The CDC panel’s universal recommendations continued to neglect nuanced risk-benefit assessment for a disease that is highly risk-stratified, including concerns that harm (including myocarditis) may outweigh benefits for young healthy adults and children. In the US, Dr. Paul Offit recently advised against the universal booster recommendations, for healthy people under 75 years, saying that “you can’t ask people to get a vaccine if you’re trying to prevent serious illness and there’s no clear evidence that you are at risk of serious illness.”

The universal recommendation is a particularly American brand of vaccine enthusiasm. While NHS funding pressures mean UK decisions have to be more pragmatic and evidence-based, US science policy appears more willing to exaggerate vaccine benefits and simplify public marketing. Only 17% of Americans received the previous bivalent booster, rising to 43% in those over 65 years old. UK uptake among those over 65 was much higher. This autumn, the CDC has ordered 20 million doses of paediatric Covid vaccine at a cost of $1.7 billion. Don’t be surprised if most end up in the bin.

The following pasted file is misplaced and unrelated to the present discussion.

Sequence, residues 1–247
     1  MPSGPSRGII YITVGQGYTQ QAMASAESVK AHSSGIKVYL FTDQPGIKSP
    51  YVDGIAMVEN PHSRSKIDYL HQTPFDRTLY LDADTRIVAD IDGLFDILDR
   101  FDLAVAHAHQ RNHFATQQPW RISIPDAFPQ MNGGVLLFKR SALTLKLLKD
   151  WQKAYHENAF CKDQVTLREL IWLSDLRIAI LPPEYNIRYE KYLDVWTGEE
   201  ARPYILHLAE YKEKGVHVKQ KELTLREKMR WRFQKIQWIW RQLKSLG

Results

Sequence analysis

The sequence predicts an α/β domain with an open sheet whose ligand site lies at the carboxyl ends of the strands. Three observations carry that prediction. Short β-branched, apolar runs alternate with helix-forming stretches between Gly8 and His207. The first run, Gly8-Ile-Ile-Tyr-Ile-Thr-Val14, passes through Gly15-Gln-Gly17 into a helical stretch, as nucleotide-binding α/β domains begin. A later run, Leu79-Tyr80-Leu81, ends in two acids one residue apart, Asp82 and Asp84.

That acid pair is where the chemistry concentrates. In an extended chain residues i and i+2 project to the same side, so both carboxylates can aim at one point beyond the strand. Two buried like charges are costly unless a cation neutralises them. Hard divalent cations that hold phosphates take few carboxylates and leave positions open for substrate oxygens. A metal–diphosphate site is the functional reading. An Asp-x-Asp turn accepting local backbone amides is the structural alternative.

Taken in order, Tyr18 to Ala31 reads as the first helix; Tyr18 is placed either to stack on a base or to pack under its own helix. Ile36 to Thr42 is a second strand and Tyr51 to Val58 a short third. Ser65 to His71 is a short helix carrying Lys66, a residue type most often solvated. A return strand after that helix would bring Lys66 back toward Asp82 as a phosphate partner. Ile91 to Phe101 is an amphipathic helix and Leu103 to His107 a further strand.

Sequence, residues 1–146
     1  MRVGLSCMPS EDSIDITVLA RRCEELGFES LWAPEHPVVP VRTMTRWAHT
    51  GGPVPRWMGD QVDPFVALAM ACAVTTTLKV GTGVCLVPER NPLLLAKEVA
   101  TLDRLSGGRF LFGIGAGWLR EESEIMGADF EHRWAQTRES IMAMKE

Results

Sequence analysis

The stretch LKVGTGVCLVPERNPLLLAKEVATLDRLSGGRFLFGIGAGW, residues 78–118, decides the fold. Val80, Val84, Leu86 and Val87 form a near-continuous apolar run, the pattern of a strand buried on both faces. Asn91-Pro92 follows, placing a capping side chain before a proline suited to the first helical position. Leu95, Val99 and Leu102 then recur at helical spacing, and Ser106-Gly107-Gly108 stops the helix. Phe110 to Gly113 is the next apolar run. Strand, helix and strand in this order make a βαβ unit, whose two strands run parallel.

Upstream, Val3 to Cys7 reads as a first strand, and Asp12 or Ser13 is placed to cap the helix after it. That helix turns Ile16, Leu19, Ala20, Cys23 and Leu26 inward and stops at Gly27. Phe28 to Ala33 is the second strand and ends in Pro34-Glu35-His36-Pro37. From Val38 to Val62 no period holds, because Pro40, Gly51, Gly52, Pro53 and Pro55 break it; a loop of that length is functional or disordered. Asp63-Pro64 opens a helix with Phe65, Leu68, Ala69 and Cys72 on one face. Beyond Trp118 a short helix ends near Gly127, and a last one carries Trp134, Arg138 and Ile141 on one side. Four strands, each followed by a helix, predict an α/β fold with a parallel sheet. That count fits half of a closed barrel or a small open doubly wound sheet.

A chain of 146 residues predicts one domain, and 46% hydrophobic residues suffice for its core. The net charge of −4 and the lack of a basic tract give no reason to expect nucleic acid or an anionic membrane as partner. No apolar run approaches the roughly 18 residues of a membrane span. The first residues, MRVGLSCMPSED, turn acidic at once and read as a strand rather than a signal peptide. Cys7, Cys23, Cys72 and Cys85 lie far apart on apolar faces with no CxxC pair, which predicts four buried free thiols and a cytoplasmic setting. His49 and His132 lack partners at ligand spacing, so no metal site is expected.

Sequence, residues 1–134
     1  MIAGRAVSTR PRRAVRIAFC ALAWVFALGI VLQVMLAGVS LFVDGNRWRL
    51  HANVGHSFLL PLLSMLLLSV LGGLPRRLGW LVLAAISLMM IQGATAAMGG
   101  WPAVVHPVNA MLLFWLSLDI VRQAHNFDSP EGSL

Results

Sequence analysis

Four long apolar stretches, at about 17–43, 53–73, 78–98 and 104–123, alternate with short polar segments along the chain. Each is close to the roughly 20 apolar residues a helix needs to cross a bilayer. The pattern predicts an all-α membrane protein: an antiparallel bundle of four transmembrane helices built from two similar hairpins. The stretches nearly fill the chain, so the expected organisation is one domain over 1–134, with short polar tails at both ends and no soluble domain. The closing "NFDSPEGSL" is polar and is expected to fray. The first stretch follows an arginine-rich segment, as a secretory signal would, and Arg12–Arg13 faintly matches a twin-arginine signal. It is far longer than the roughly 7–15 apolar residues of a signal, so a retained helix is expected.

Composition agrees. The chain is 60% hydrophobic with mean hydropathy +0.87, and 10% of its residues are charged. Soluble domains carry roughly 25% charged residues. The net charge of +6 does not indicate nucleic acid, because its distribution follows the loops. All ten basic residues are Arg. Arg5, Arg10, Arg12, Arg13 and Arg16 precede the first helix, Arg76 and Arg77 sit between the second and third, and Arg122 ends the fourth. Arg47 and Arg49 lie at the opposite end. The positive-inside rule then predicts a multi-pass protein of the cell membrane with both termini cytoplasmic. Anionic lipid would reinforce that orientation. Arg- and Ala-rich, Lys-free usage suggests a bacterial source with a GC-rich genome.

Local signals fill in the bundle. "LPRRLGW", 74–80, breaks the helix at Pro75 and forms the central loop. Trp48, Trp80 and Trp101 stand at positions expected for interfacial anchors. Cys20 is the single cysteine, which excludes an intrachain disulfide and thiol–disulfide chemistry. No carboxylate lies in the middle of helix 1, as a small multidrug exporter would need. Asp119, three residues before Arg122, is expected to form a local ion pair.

Kevin Bardosh is a research professor and Director of Research for Collateral Global, a UK-based charity dedicated to understanding the collateral impacts of Covid policies worldwide.

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Andrew Dalton
Andrew Dalton
10 months ago

While Covid vaccine mandates have largely been removed in the US, they continue in an estimated 7% of US universities

20 year olds: a group well known to be at risk.

D Walsh
D Walsh
10 months ago
Reply to  Andrew Dalton

Trust the science

Andrew Henrick
Andrew Henrick
9 months ago